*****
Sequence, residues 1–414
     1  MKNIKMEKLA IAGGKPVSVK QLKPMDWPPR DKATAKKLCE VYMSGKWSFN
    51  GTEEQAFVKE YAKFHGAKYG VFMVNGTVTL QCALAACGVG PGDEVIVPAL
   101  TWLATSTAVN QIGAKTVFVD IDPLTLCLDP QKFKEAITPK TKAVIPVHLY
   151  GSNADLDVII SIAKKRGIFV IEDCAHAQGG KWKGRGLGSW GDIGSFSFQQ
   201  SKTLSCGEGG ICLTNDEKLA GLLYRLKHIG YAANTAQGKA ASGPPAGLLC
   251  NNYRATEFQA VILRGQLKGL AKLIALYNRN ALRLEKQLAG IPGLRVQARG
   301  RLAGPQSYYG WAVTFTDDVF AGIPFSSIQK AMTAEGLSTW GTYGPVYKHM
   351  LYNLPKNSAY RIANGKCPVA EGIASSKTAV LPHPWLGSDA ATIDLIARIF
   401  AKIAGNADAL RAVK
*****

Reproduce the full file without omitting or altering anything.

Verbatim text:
Sequence, residues 1–414
     1  MKNIKMEKLA IAGGKPVSVK QLKPMDWPPR DKATAKKLCE VYMSGKWSFN
    51  GTEEQAFVKE YAKFHGAKYG VFMVNGTVTL QCALAACGVG PGDEVIVPAL
   101  TWLATSTAVN QIGAKTVFVD IDPLTLCLDP QKFKEAITPK TKAVIPVHLY
   151  GSNADLDVII SIAKKRGIFV IEDCAHAQGG KWKGRGLGSW GDIGSFSFQQ
   201  SKTLSCGEGG ICLTNDEKLA GLLYRLKHIG YAANTAQGKA ASGPPAGLLC
   251  NNYRATEFQA VILRGQLKGL AKLIALYNRN ALRLEKQLAG IPGLRVQARG
   301  RLAGPQSYYG WAVTFTDDVF AGIPFSSIQK AMTAEGLSTW GTYGPVYKHM
   351  LYNLPKNSAY RIANGKCPVA EGIASSKTAV LPHPWLGSDA ATIDLIARIF
   401  AKIAGNADAL RAVK